As a child, J.B. Rounds saw life in stark terms. His father sold whiskey for a living, and in those days such a profession was not highly regarded by either the alcoholics who secretly consumed the brew or the rough workers who found drinking alcohol more like a hobby. Life around a saloon just seemed to attract problems, and Rounds experienced many things most children his age could scarcely imagine.
Church life did not come easy to Jay Rounds. Something, however, drew this young Canadian boy to a local Baptist church. When he first heard the Gospel preached, the words made no sense. He was unable to piece together the facts in a way that fully captured the truth of the Gospel of Christ.
A brief study of his conversion to Christ, however, reveals, in the words of Phyllis Sapp, that the love of Christ “drew him back to the church like a warm fire in the wintertime.” For weeks after he was converted, Rounds was far too timid to publicly profess his newfound faith in Jesus Christ. He tried to muster the courage to make public his embrace of the Gospel. Finally, the courage came, and he professed Christ before the entire congregation.
Immediately, he was taken aside by one of the deacons who said, “Boy, I’d like to speak to you a minute. I’m a deacon in this church—and ah—you see—well—the fact is—your father is a saloonkeeper. I don’t believe we could have you as a church member. You understand, don’t you?”
No, he did not understand. If the love of Christ was really big enough for the most heinous sinner, why was he cut-off from membership in Christ’s body, the Church? Rather than cause problems, Rounds kept praying and thinking about the Gospel. He continued to attend the church alone, a peculiar practice for a 14-year-old boy. After some time, the pastor eventually apologized for the actions of the deacon, and Rounds was baptized. The event had a surprising effect on his father, who decided to give up selling alcohol and go to medical school. The family moved south to Detroit, Mich., where his father began his study.
In 1894, believing that God was calling him to the gospel ministry, he left Detroit for Louisville, Ky., where he would begin his theological studies at Southern Seminary. Rounds listened to some of finest theologians of the day lecture and teach the Bible. John A. Broadus was one of his favorite professors, but the course work was difficult for him as he had not received much education prior to his time of study at the seminary. Yet, he was among those for whom James Petigru Boyce worked so diligently to serve when the seminary was first established. Men like Rounds could come to the seminary and obtain the finest theological education of the day free from the requirements that other divinity schools required. Rounds had literally moved from spending his days at the saloon to studying theology at the seminary.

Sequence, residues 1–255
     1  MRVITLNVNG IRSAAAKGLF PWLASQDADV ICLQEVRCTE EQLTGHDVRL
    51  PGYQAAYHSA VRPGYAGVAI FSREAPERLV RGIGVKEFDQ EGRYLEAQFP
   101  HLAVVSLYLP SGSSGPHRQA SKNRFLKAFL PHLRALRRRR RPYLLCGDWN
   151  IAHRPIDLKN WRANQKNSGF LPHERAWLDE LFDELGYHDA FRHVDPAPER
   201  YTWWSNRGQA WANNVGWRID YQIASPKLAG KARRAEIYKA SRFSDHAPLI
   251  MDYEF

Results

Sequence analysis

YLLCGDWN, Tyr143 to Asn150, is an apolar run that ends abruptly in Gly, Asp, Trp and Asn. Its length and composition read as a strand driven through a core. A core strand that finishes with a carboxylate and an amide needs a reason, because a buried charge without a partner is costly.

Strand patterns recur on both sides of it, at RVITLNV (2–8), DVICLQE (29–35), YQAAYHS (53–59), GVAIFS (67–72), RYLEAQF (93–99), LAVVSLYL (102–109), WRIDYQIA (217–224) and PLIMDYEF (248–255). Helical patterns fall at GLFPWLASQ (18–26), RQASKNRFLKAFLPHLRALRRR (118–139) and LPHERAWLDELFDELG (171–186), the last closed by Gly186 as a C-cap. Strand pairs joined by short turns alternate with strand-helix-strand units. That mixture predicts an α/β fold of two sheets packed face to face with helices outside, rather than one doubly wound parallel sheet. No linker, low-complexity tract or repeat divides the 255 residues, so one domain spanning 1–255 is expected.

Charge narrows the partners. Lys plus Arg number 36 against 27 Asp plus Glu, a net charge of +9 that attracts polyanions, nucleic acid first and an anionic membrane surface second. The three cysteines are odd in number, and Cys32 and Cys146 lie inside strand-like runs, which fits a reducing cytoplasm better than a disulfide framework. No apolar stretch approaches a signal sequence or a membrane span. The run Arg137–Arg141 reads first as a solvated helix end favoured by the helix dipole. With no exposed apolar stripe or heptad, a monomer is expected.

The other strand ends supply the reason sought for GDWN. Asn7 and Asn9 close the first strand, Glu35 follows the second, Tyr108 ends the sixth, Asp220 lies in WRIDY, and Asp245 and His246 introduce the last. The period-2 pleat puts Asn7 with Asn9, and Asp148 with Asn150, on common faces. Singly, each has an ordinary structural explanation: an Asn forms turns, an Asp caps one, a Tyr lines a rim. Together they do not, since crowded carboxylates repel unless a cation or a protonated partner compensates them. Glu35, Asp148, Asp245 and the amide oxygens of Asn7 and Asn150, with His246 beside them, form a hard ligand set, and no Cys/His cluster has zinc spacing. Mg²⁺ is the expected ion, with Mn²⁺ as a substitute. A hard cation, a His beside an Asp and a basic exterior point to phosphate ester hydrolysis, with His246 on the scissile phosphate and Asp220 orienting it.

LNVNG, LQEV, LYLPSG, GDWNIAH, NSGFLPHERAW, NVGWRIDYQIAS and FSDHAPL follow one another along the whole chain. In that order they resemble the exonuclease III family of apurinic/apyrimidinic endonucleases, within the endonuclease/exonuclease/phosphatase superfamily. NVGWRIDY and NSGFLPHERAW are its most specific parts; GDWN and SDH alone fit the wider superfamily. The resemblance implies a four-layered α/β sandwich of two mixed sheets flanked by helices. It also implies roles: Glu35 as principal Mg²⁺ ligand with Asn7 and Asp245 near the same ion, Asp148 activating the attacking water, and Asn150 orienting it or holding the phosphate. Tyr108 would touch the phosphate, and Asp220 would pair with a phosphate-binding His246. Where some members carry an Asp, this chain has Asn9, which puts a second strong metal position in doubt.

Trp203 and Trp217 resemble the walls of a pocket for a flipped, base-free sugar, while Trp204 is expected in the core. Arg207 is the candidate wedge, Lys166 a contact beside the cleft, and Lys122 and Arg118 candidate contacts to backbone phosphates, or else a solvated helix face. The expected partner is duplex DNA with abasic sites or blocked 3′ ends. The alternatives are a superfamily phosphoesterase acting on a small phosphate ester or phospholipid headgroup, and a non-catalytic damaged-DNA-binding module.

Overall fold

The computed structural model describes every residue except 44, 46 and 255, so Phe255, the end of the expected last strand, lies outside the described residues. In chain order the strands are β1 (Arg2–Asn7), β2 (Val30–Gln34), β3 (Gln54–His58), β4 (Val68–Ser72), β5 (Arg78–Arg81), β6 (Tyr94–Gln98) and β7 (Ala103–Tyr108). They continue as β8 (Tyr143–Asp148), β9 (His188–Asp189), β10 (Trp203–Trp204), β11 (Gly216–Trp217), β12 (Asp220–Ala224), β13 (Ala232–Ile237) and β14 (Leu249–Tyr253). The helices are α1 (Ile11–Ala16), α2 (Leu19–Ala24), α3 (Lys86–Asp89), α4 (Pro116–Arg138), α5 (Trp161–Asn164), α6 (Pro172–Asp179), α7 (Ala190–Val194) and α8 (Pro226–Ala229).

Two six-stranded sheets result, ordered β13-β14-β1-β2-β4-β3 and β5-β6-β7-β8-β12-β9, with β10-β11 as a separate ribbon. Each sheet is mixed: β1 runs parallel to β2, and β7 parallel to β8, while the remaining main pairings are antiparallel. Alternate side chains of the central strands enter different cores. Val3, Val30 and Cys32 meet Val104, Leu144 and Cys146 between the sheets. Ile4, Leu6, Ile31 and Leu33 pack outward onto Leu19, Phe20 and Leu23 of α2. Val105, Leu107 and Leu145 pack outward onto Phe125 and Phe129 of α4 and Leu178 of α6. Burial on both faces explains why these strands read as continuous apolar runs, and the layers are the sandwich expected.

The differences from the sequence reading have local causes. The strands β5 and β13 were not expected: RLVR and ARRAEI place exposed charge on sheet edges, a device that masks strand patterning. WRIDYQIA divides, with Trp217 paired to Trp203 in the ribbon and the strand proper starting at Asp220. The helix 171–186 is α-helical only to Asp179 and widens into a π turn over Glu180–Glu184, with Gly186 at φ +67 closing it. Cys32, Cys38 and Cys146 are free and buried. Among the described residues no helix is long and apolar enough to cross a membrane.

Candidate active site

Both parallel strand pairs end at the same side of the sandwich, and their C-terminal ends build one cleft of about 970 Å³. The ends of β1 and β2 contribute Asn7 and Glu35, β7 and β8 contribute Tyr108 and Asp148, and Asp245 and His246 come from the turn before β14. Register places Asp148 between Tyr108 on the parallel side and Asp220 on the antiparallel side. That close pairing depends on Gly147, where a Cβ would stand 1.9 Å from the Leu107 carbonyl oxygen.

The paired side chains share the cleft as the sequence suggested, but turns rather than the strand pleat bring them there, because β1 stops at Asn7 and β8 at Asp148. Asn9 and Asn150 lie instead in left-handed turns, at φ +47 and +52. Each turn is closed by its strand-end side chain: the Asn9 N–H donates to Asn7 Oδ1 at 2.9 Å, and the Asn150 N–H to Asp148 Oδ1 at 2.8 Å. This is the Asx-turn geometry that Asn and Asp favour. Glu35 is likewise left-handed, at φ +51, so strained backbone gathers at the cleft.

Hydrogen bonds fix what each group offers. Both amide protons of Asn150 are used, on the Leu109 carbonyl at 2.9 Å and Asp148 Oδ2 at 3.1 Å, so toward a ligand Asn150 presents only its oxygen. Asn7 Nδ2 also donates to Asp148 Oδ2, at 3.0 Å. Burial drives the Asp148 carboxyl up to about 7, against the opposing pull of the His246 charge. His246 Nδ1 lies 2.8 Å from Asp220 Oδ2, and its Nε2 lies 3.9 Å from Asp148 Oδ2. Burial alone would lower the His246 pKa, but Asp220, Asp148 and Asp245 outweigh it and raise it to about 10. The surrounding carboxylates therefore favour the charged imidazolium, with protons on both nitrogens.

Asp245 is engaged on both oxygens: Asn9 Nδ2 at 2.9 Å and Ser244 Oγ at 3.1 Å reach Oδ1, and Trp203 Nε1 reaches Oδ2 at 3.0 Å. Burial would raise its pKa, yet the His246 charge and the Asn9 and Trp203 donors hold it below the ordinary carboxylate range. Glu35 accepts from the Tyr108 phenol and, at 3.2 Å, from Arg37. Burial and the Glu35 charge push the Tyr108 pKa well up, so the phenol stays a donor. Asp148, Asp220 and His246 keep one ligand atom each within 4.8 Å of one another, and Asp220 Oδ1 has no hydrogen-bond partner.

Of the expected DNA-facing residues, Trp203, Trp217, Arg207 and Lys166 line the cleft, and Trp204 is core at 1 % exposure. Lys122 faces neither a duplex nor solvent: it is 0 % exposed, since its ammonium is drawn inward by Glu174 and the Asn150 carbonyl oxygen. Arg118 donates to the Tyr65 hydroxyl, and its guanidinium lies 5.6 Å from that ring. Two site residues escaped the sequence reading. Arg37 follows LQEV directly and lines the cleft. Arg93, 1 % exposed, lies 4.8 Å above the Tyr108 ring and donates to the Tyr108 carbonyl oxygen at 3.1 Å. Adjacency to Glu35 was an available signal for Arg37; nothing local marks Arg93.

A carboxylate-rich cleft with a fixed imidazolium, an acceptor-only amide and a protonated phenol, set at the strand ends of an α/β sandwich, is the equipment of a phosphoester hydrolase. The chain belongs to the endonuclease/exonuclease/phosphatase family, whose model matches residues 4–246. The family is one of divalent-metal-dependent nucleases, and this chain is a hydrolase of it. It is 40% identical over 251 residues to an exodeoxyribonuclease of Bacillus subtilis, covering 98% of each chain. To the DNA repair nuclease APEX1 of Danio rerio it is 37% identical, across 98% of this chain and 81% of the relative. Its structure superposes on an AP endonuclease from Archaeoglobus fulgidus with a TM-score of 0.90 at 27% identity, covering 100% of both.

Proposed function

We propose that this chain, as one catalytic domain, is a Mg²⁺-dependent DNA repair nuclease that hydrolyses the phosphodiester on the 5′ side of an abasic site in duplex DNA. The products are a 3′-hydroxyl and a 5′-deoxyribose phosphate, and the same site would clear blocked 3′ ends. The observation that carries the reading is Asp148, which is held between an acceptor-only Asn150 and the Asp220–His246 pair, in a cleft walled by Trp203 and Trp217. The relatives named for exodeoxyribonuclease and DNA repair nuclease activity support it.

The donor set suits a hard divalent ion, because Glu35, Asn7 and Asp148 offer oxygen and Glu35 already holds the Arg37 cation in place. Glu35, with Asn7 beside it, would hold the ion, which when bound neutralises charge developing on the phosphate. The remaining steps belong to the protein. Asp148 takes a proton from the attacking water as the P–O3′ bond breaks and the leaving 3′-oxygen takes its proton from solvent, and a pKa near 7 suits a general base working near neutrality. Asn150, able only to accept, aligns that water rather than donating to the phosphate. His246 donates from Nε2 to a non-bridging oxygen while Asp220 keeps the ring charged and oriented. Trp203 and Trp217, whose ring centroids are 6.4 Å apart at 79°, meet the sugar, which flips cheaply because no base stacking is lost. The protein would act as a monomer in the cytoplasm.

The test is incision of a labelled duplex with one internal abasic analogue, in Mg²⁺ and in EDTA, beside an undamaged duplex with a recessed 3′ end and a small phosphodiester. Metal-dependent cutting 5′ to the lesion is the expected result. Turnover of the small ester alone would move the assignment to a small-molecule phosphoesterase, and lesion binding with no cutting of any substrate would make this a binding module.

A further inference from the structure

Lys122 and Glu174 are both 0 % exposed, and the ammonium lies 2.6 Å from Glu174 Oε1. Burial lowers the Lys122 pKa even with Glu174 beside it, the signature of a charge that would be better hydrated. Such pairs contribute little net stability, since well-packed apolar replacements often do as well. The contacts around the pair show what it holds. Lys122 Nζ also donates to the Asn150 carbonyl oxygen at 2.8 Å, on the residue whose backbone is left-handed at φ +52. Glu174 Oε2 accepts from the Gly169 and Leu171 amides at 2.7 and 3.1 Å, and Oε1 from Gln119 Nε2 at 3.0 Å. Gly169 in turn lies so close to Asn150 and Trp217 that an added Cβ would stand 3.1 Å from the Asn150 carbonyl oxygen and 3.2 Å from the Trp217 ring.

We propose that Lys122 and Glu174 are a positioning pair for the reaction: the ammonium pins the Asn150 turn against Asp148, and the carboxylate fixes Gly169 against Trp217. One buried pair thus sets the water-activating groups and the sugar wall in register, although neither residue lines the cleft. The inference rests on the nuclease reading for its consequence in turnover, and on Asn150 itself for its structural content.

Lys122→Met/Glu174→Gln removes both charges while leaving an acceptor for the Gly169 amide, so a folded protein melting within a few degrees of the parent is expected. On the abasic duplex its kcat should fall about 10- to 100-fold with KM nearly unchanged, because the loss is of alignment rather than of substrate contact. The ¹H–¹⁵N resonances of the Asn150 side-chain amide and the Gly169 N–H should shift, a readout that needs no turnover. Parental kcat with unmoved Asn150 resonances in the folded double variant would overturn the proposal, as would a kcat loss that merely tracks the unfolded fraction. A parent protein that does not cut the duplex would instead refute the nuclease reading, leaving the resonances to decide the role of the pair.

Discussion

After graduation in 1897, he returned home to Detroit, and soon attended a Home Mission Society meeting where he heard from two Native Americans: Cheyenne Chief Buffalo Meat and Kiowa Chief Lone Wolf. This experience gave Rounds a hunger for seeing the Gospel reach Native Americans. He was fascinated by the American natives, and prayed for them often. He soon penned a letter to Daniel Rogers, the general missionary to the Indians in Tahlequah, Indian Territory, inquiring about mission opportunities in Oklahoma. Even as he wrote, he wondered if his fiancé, Louise Damm, would be willing to leave Detroit for the unsettled, but blossoming Oklahoma. Louise agreed, saying, “don’t you know that when I said I would marry you, I meant to go wherever God could use you best?”
Upon arriving in Muskogee, Rounds learned that the pastorate he came to fill had already been filled. This was a crushing blow, as he was a stranger in a distant land with no job and with a young fiancé who had made life-altering plans to join him in this place where his ability to provide for her was anything but certain. Eventually, a Baptist church in Bartlesville called Rounds as pastor. Louise soon made the journey to join him, and they were married promptly upon her arrival in Coffeyville, Kan.
In 1901, Rounds accepted a position as missionary to the Choctaws and Chickasaws. The assignment was difficult, requiring much travel in the volatile Oklahoma weather, and the pay was meager. Throughout his work with Native Americans, he sought to heal the contentions between Northern and Southern Baptists and faced the challenges of learning how to relate with the various tribes within Oklahoma.
Rounds often wrote for The Baptist Messenger, founded Trinity Church in Oklahoma City, and eventually served as the executive secretary for the Baptist General Convention of Oklahoma. In 1917, Rounds, along with fellow Southern Seminary graduate, W. D. Moorer, located a place in the Arkbuckle mountains for a young people’s encampment. The two men found a suitable 200-acre plot, purchased it, and gave it the name Falls Creek. They selected “Buzzard Hill” as its central site.
Prior to the arrival of a group of students, Rounds once offered this prayer: “Father, we’ve worked hard for this assembly, and we both love it so much. We might not be able to see Your will. If you would have Oklahoma Baptists go on with an assembly at Falls Creek, show us, Father, so that we will know. Let us have at least one conversion.”
That evening, not one, but two, young people were converted to Jesus Christ. Since those early days, Rounds’ legacy at Falls Creek remains a crucial investment in the life of Oklahoma as a place set apart for the preaching of the Gospel and the teaching of the Bible to thousands of young people.